For a recycling program to work, a substantially large, stable supply of recyclable material is necessary both economically and value creation. Three legislative options have been used to create such a supply: mandatory recycling collection, container deposit legislation, and refuse bans.
Mandatory collection laws set recycling targets for cities whereby a certain percentage of a material must be diverted from the city’s waste stream by a target date. The city is then responsible for working to meet this target. Container deposit legislation involves offering a refund for the return of certain containers, typically glass, plastic, and metal. When a product in such a container is purchased, a small surcharge is added to the price. This surcharge can be reclaimed by the consumer if the container is returned to a collection point.
These programs have been very successful, often resulting in an 80 percent recycling rate. Despite such good results, the shift in collection costs from local government to industry and consumers has created strong opposition to the creation of such programs in some areas. A variation on this is where the manufacturer bears responsibility for the recycling of their goods. In the European Union, the waste electrical and electronic equipment (WEEE) Directive requires producers of consumer electronics to reimburse the recyclers’ costs.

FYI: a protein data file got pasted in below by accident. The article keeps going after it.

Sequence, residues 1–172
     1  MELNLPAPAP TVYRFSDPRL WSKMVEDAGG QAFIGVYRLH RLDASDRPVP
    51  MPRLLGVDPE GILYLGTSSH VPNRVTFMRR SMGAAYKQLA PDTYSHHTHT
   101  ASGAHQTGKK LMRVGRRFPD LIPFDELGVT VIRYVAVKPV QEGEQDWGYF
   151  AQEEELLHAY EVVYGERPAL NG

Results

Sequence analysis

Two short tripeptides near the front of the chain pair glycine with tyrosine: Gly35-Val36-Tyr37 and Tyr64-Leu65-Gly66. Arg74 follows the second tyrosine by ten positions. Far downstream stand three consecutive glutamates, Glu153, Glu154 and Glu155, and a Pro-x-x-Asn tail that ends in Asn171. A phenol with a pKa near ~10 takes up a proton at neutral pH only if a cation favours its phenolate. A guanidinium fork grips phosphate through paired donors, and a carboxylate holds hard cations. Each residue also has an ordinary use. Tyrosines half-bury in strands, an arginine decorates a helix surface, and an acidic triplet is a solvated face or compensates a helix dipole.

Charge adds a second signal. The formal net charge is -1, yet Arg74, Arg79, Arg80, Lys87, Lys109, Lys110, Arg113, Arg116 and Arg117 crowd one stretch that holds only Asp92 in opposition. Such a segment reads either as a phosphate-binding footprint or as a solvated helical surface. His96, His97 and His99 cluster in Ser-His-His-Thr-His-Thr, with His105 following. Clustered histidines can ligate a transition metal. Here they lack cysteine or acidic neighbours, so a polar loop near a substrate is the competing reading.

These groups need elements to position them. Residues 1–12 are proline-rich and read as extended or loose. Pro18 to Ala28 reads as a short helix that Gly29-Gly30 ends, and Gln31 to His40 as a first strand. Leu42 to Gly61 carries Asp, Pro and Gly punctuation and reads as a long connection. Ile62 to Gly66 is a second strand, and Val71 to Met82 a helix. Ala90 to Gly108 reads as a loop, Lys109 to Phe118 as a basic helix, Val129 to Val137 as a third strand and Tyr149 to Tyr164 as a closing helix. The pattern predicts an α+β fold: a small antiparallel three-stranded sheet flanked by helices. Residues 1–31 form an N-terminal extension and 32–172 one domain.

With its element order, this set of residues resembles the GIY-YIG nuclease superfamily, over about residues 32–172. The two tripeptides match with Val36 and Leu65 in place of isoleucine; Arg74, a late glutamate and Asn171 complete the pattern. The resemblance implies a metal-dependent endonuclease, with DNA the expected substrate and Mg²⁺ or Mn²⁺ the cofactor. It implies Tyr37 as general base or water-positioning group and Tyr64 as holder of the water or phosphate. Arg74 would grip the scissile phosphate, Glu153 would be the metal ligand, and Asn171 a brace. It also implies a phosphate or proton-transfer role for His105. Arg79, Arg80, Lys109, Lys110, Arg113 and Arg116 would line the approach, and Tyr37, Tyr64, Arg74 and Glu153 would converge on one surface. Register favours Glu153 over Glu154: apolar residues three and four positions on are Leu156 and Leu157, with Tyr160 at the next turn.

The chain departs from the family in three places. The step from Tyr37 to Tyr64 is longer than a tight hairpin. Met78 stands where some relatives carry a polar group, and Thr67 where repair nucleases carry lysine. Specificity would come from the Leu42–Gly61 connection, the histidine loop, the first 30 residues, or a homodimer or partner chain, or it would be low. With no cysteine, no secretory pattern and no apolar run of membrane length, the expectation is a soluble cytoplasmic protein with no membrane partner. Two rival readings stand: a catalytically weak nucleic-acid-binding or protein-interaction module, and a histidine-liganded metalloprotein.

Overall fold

In the Asian sphere, industries tend to pass the cost to recycling companies requiring them to submit bids for industrial scraps. In many cases, this approach gets to be mercenary where recyclers are pushed to submit higher and higher bid prices to collect the industrial scraps. This meant that collection of industrial recyclable wastes (electronics, plastics, paper, metals, etc.) has become an added profit making activity of manufacturers and industrial users contrary to a globally shared desire to conserve fossil fuels and encourage recycling to reduce industrial wastes, landfills and ozone depletion.
An alternative way to increase supply of recyclates is to ban the disposal of certain materials as waste, often including used oil, old batteries, tires, and garden waste. One aim of this method is to create a viable economy for proper disposal of banned products. Care must be taken that enough of these recycling services exist, or such bans simply lead to increased illegal dumping. The same problem of making profit out of industrial scraps is also inherent and prevailing here. It would do well for governments to legislate to prevent capitalizing on sale of industrial scraps and, perhaps, even compel industries to aid in the recycling efforts by reducing the cost of scraps collection for recyclers. State incentives for businesses that reduces the scrap collection costs to zero could be a further initiative for the national recycling activity.
[Please look out for our next instalment of knowledge based article on Government-mandated Demand.]